Article

Richard Fallah
Richard Fallah 4 October 2017
Categories Advertising, Technology

How to Build a Successful, Effective Landing Page

It’s happened to every marketer. After spending months crafting the perfect marketing campaign, the traction you were hoping for isn’t there.

In a post-mortem, you notice a disastrous conversion rate. The truth is, your landing page wasn’t up to par-- or not existent at all. This is a mistake that beginners learn to overcome really quickly. Without a powerful landing page, it doesn’t matter how much time and effort you put into a marketing campaign.

What makes a good landing page?

At a bare minimum, any good landing page has the following 5 elements. You can adjust or add more things based on your goals and specific needs.

Clear Above The Fold (ATF)  

The page header, also known as above the fold, tells the potential customer that, yes, they’ve clicked the right link, and will be offered what they came for. You want those who land on this page to understand exactly who you are and what you’re offering. This way, they can determine whether you are offering a product to them that they would deem useful.

Pro tipStart it off right with something concise yet compelling. Creative, bright, minimal designs are an industry standard, along with carefully crafted copywriting. For example: some companies lead with a glowing quote from a testimonial they’ve received. In terms of design, it is ideal to start the ATF as high on the webpage as possible, to reduce the scroll time for the visitor.

Good Quality Copywriting

Second, to the header, the copy on the page should provide any information a customer might need in a pithy way. Make sure to clearly elaborate on how your product aims to provide good solutions to customers. Within the copy, include a call-to-action in order to guide the potential customer to doing what you set out to have them do. The copy, including the header, should include keywords for SEO purposes, helping not only the landing page but also the main domain.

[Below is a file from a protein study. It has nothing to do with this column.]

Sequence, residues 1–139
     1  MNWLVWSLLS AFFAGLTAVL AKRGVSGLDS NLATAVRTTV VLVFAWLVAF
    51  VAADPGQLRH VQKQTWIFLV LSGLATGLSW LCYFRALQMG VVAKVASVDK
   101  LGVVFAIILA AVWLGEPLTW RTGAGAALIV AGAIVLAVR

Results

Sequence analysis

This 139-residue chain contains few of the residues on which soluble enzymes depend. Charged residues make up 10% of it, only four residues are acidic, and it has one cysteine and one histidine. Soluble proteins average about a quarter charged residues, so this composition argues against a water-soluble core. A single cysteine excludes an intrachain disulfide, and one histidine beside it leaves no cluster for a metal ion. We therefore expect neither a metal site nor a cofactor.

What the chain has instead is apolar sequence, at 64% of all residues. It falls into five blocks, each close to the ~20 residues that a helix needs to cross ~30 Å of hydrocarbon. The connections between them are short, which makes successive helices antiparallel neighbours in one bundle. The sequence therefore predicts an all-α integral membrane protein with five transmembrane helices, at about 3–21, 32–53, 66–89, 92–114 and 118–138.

Pro tip: It may sound simple, but make sure you’re answering why-who-what. Why a prospect should care (the problem you’re solving). What you’re providing (the solution). Who you are (you’re the person for the job, credentials, testimonials). If you can achieve this in a pithy manner, most of the grunt work is done.

Call-To-Action

You could say that this is the most important aspect of the landing page. You can put all the work in the world into building the most beautiful and clear-cut landing page ever, but if there is no clear next step for the visitor, your conversions will be abysmal.

The marketer/customer relationship is simple-- give a little, get a little. Otherwise, the motivation to create marketing campaigns framed with a landing page would not be there. The main purpose of launching a campaign is, first and foremost, to convert leads. You can’t get these leads without some sort of call-to-action, enticing the visitor to do what you want them to do on the page.

Pro tip: Make your CTA a button on the page. Internet users are habituated to using buttons, so it’s only natural that we do not re-invent the wheel here. When a prospect visits your page, likes your product, and sees a button-- they know what to do. The button should be an attractive color, and be above the fold, as well as at the bottom of the page.

Visual Storytelling